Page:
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I am trying to write a obj file with vertices. I am computing the vertex normals in my code and writing to this file as well. When I try to render this file in Meshlab it reads the vertices correctly, but when I go to 'Render->Show vertex normals', it is not showing the normals that I computed. Rather MeshLab computes its own normals and shows them.

I am not sure how I can visualize the normals that I computed/wrote to file. I want to apply Meshlab shader later based on my computed normals.

To test this I created a test obj file-

vn 0.517350 0.517350 0.517350
v 0.500000 0.500000 0.500000
vn -0.333333 0.666667 0.666667
v -0.500000 0.500000 0.500000
vn 0.666667 -0.333333 0.666667
v 0.500000 -0.500000 0.500000
vn -0.666667 -0.666667 0.333333
v -0.500000 -0.500000 0.500000
f 1//1 2//2 3//3
f 4//4 3//3 2//2

This is just one square. Now if I change the normal values in this file, it still shows its own vertex normals when I select 'Render->Show vertex normals'. How can I have my own normals and apply shader that works on my computed normals?? Please help.


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Did you try first declaring all vertices, then all normals? Maybe the .obj file parse expects that (some parsers do). Another suggestion: try to also include texture coordinates, even if you don't use them. –  Violin Yanev Jan 1 at 17:59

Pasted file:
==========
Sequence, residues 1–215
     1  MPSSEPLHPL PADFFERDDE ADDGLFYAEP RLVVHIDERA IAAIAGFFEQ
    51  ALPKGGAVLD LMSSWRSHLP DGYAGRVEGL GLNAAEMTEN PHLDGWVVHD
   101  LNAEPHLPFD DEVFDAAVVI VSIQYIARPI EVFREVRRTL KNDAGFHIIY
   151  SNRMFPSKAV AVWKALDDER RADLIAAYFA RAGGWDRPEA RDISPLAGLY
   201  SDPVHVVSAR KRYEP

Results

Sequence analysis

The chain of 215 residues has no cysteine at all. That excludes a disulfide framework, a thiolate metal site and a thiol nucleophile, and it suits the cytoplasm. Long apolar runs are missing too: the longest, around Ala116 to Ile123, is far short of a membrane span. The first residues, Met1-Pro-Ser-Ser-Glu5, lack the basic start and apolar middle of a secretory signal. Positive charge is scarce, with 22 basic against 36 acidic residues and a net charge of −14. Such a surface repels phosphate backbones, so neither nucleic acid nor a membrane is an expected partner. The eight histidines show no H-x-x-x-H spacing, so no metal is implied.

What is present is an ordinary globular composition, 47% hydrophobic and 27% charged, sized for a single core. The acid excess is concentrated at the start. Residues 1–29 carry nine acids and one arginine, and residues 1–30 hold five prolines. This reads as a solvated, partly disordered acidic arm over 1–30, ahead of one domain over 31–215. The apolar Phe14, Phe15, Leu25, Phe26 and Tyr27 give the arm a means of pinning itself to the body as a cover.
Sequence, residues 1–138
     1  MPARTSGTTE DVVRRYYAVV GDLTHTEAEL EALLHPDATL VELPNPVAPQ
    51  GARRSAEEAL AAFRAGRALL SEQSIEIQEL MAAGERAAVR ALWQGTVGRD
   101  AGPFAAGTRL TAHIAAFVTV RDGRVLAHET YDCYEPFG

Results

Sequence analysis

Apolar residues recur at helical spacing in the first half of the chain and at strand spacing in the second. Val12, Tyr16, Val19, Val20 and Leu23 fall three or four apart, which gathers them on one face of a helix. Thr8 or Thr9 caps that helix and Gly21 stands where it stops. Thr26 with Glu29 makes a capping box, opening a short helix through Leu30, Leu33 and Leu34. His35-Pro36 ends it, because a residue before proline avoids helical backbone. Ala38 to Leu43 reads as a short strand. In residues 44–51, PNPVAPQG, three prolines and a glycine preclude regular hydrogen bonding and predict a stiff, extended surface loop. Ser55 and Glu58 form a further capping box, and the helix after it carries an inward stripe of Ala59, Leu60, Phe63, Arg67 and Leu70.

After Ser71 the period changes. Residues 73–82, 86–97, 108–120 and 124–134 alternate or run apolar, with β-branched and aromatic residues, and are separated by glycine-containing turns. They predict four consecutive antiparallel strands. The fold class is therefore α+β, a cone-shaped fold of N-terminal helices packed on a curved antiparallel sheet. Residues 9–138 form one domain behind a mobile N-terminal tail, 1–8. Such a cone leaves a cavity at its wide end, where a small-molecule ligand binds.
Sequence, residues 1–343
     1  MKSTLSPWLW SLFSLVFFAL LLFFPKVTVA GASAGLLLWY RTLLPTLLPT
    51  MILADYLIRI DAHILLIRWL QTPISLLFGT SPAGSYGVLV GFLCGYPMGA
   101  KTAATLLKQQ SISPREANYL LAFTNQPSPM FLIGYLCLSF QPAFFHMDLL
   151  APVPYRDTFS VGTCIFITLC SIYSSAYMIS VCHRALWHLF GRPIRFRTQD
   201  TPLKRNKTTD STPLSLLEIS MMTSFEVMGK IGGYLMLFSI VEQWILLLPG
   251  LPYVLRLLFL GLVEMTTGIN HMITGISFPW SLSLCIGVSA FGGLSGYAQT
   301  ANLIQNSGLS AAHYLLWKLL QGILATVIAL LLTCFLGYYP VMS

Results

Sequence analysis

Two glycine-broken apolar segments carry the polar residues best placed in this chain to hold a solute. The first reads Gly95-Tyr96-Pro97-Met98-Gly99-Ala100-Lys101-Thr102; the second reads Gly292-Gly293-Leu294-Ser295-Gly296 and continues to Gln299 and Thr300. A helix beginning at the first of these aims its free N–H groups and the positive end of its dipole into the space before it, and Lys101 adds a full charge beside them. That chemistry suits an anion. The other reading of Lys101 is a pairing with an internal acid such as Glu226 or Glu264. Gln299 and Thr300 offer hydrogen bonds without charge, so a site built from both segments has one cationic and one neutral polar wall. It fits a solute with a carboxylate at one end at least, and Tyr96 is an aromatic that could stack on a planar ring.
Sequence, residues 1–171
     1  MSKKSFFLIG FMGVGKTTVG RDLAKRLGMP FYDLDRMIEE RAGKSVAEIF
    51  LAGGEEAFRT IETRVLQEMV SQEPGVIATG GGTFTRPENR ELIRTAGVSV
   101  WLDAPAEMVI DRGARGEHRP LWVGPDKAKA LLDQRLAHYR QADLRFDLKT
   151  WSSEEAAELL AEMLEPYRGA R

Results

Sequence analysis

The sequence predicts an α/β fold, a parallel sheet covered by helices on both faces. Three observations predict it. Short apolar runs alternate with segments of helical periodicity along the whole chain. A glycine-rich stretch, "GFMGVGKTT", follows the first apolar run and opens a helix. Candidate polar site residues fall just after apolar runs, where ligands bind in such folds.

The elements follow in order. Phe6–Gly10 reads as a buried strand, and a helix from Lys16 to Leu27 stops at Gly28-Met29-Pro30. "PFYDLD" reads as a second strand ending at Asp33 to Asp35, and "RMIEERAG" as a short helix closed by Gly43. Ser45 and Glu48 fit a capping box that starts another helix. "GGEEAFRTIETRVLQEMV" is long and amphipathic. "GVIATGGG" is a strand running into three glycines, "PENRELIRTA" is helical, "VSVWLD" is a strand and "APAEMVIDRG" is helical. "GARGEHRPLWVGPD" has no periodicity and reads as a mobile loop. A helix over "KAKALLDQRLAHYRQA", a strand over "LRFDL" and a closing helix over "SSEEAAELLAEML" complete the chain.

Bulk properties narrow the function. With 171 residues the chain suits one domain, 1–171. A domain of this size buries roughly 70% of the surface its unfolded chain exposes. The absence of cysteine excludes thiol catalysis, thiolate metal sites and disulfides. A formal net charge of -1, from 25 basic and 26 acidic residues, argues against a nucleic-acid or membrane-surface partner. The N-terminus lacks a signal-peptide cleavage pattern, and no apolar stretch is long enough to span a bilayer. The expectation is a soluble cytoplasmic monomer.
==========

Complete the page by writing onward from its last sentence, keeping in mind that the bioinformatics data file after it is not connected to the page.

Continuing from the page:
Not all OBJ importers respect normals and will sometimes just override the mesh with their own calculated normals. I would first make sure that's not the case with MeshLab, otherwise you might be doing everything right and still get the wrong result. –  Ike May 24 at 8:07

1 Answer 1

Not all OBJ importers respect normals. I found this old bug which appears to still be open about how MeshLab's ignores normals in OBJs: http://sourceforge.net/p/meshlab/bugs/70/

You might be doing everything correctly but the issue may not be on your side.

When dealing with mesh interchange which can get quite hairy because of the different levels of support in various software, it's handy if you are doing it a lot to have multiple 3D applications to test your exported data against. Then you can more quickly figure out if the problem is on your side or theirs.

One workaround if you absolutely need the object to display correctly against a broken importer and can't use other formats is to manually unweld (duplicate) the vertices to give you those sharp creases/hard edges. That won't give you as much freedom as arbitrarily specifying normals, but it'll allow you to preserve those discontinuous boundaries where regions should not be smoothly interpolated and instead have a crease.

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